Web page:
Politics: we need men, not boys!

Something is rotten in the state of British politics, says David Thomas. Our leaders have neither the experience nor policies to equip them for the struggles ahead – not least because they’re too young

Just what infuriates you most about the people who purport to lead our country today? Could it be the rocket-proof shield of smugness and condescension that surrounds David Cameron?

Is it the immaturity, irresponsibility and absence of any consistent principle with which Nick Clegg gives us his ‘new kind of politics’?

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Is there no one in political life who has the guts to act like a grown-up?

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Perhaps the drab, nasal tones of Ed Miliband; his ruthless ditching of the politics he supported as a Labour Cabinet member; his cold-blooded backstabbing of his own brother and his calculated marriage give you that sick-in-the-mouth feeling.

Or maybe it’s their loyal lieutenants who make the skin crawl: the horrible Tory-Boy gloating of George Gideon Oliver Osborne; or that hardboiled apparatchik Ed Balls, the loyal crony to Gordon Brown through all those plot-filled years of bitterness and bullying.

I honestly can’t think of a more loathsome all-party chamber of horrors. There’s no one, absolutely no one, to whom one can look for any real leadership, inspiration or even simple charm.

Real battles

Perhaps the years of Wilson and Heath were equally grim. Certainly the consequences for Britain were. But there were at least real battles being fought and real principles being aired as we lurched into the 20-year struggle between Thatcherite Right and Militant Left for political domination.

These were battles fought by grown-ups: men and women who’d been around, held down proper jobs and in many cases fought for their country. What we have now are spats between overgrown babies: apple-cheeked, smooth-browed kidadults.

Youth is a great quality in fashion models, footballers and pop stars; less so in politicians. At a time when the population is getting older and when the seriousness of the challenges facing the UK – and the West as a whole – demand maturity, determination, perspective, strength of will and calmness of mind, we are governed by spoiled brats whose policies twist and turn with every new headline or focus group.

They are Tony Blair’s political children, sincere believers that there is something a little old-fashioned about genuine conviction; devoted disciples of the creed that the job of a leader is to follow what his people think they want, rather than state his intentions and stick to them.

The worst of it is, they are as identical and interchangeable as Ken-dolls. And just as plastic, too.

Cocooned from reality

Just look at the common denominators. Cameron, Clegg and Balls were all born between October 1966 and February 1967. Miliband and Osborne were born in 69 and 71, respectively. Taken as a group they have an average age of just under 43: astonishingly young for men who bear such responsibility.

All are Oxbridge graduates. All bar Miliband are products of private schools. Between the five of them, they have only the tiniest smattering of experience of any working life outside politics. David Cameron’s seven years as director of corporate affairs at Carlton TV essentially required him to be a slick-tongued spin-doctor. So no change there, then.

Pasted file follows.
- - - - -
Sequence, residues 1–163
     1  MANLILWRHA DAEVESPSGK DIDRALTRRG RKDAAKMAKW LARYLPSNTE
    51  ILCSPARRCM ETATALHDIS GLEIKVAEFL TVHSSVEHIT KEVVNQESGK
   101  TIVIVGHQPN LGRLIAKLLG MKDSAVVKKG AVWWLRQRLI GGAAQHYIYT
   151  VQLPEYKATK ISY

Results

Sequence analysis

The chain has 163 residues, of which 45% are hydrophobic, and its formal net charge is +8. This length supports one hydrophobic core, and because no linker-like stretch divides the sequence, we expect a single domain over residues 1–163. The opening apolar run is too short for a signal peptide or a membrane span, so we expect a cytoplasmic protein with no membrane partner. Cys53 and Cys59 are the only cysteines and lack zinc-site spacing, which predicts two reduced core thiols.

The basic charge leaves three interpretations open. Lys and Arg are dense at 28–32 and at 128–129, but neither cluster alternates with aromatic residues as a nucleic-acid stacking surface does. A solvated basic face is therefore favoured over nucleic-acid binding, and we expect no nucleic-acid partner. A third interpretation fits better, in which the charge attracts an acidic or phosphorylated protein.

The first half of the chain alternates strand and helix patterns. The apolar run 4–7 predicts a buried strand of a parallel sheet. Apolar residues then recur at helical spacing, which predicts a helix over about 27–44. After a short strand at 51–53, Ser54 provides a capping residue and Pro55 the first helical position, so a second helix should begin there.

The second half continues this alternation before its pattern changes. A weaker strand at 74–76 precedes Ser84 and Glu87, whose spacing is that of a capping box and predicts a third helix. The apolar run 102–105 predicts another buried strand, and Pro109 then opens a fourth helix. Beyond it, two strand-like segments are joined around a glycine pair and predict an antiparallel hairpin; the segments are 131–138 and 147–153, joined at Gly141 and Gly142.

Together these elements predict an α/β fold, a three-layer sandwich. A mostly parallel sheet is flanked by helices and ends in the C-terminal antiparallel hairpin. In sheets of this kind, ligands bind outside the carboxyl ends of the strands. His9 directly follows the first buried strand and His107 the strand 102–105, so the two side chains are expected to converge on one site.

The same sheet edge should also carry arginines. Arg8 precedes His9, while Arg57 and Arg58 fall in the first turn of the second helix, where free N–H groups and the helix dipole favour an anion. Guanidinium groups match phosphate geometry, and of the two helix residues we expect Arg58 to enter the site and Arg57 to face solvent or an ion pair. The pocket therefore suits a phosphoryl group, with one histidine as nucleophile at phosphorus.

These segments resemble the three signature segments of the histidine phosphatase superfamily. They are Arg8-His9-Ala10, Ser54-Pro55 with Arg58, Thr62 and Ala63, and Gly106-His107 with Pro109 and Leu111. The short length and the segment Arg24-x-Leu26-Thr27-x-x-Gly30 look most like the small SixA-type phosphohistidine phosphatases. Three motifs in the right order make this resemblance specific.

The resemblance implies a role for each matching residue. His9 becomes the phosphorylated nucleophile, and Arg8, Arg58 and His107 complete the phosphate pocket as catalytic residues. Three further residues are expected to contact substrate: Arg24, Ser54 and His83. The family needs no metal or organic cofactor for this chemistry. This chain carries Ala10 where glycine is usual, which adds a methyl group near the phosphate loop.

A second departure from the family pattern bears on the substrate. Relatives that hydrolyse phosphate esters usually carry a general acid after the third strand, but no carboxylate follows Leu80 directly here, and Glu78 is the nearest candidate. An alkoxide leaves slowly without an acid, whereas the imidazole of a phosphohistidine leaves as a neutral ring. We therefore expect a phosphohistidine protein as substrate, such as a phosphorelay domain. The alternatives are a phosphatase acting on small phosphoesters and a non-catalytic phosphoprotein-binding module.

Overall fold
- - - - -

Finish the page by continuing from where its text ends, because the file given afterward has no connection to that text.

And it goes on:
Cameron, too, is the only one to have endured any kind of serious personal loss. No one can suffer the death of a child as he has done without being profoundly changed. Yet on his imperious ascent from Eton to Number 10 he has never experienced even the slightest frisson of financial insecurity.

Cocooned by inherited fortunes and/or secure, expenses-laden, taxpayer-funded pay-packets, the quintet have led charmed lives, entirely insulated from any of the worries that afflict the vast majority of the population. Have they ever struggled to pay bills? Have they wondered how they could afford a home of their own? Have they struggled to make a little go a long way? Have they hell.

These are spoiled brats with barely a principle between them: Clegg and Balls both belonged to the Conservative Association at university. Meanwhile, Cameron has Tory voters baffled as they search in vain for a sign of anything they might recognise as an actual Conservative philosophy.

Futile gestures

While our soldiers prepare to retreat from a second, wasteful, defeated, horrendously expensive war – and the depleted remains of the Navy and RAF conduct their futile bombing-runs against Gaddafi – Cameron witters on about the need to spend billions on foreign aid.

While the superpowers of Asia (which, absurdly, still receive the very aid that Cameron espouses) prepare to seize the levers of economic global power, Cameron seems more concerned with absurdities such as the Big Society, or futile eco-gestures. As if a forest of ineffective wind-turbines will make the slightest difference when China is building one coal-fired power station after another.

In case our politicians hadn’t noticed, the EU is in the throes of what may well be a terminal currency crisis. Capitalism in its extreme, banker-driven form is as morally and intellectually bankrupt as Communism was 25 years ago. The very nature of British society is being radically affected by mass migration: almost nine out of ten new jobs (87 per cent) go to immigrants (largely because unemployed Britons are too lazy or unqualified to take them). We could be in for some seriously hard times.

Meanwhile, millions of us look on in impotent fury and frustration. Will no one seize the moment? Is there not one man or woman in political life who has the guts to act like a grown-up? Or, while the chubby little children of Westminster act out their playground politics, must we go down with a whimper?